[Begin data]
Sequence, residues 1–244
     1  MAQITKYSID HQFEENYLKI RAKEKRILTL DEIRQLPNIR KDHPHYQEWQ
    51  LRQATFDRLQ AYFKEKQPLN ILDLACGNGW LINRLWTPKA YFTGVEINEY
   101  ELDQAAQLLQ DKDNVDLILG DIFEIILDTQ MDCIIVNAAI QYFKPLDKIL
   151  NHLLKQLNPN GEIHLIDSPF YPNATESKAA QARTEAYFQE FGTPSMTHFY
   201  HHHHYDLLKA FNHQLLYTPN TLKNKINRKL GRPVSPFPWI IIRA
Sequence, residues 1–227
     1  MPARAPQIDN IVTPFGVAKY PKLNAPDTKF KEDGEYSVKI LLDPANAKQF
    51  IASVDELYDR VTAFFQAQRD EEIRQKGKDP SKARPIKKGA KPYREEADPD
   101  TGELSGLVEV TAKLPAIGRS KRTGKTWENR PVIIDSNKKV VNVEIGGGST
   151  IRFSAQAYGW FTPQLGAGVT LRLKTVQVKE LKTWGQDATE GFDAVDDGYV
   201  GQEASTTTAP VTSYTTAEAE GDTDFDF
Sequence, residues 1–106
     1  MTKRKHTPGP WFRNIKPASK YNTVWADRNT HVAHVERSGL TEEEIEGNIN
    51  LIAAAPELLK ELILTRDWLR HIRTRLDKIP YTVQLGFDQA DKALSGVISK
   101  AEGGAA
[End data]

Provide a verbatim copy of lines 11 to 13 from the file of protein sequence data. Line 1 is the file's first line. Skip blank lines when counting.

   151  IRFSAQAYGW FTPQLGAGVT LRLKTVQVKE LKTWGQDATE GFDAVDDGYV
   201  GQEASTTTAP VTSYTTAEAE GDTDFDF
Sequence, residues 1–106